18 August 2018

What!? More tomatoes? Oui...

I dehydrated five or six trays of little tomatoes this week. It took about three days for them to dry out completely. This is all I got, but the dehydrated tomatoes pack a lot of flavor in a very compact form. After the tomatoes are dried, I pack them in jars and heat the jars up in the oven so that the lids seal. They'll last over the winter this way.

And I use them. I actually cooked some from last summer — about the quantity you see in one of these little salsa jars — in a batch of tomato sauce yesterday, to enrich it. I made the sauce with onions, spices, herbs, and lamb, using a container of 2017 tomato sauce from the freezer. The lamb was a gift from our neighbors across the street, who had more than they could eat. It was nice slices of cooked leg of lamb, and the meat sauce I made will go into a nice moussaka-style eggplant gratin that I'll be cooking today.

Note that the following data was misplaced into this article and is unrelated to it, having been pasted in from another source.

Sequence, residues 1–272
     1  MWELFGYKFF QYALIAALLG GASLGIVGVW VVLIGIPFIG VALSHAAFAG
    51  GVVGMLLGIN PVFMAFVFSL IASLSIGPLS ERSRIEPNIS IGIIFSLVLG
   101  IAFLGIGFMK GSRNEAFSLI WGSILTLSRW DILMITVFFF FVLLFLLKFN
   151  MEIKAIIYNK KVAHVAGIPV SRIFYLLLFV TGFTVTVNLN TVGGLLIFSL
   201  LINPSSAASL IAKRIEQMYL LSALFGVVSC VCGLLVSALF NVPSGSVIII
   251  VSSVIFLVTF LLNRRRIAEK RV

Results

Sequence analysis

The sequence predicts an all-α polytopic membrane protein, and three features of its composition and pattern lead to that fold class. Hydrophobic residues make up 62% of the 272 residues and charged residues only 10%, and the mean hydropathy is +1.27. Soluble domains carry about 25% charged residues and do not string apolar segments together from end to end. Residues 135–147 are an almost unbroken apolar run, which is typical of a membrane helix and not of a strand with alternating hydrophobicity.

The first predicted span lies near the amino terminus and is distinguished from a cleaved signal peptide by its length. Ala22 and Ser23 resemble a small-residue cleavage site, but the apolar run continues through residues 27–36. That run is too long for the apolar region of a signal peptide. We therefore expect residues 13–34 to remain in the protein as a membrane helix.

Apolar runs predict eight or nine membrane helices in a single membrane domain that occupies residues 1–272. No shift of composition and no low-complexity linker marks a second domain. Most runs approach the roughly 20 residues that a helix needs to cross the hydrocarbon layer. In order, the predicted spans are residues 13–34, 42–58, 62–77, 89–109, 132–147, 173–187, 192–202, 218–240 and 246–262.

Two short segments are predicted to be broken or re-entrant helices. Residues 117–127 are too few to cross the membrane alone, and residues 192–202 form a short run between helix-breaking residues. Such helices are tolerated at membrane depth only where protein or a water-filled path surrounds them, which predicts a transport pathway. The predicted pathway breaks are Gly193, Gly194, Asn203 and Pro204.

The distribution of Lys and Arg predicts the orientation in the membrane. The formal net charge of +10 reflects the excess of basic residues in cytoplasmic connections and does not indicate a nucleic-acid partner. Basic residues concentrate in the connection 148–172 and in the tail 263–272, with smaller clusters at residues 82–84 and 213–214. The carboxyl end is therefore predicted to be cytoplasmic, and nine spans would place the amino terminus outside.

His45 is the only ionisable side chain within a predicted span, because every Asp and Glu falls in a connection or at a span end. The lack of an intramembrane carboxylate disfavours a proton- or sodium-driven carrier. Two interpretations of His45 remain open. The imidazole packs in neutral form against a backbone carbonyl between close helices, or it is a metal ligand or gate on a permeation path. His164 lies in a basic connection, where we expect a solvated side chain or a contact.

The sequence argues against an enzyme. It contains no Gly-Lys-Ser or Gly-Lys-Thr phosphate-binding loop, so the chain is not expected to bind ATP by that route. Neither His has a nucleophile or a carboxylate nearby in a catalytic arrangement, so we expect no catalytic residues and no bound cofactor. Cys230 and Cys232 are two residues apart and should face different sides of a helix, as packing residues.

The tomatoes I dried are both yellow ones and red ones. Most of the red tomatoes in this batch were the little long ones that you see in the photo above. They are volunteers from a 2017 plant that re-seeded itself and came up in this year's garden. We don't remember what variety of tomato these were. But they are meaty and good, and don't have a lot of seeds or juice in them.


  1. Can the pulp of dried tomatoes be rehydrated and look somewhat fleshy?

    1. You can rehydrate them or soak them in, say, olive oil to soften them. But they'll never be like fresh tomatoes in texture. They taste really good, however. I like to drop them into sauces or stews or braised dishes, because they have such a bright flavor. Soaked in oil, they're good in salads.

  2. Hello from Idaho stop in from Andrew and they do look good,
    If you have the time stop in for a cup of coffee


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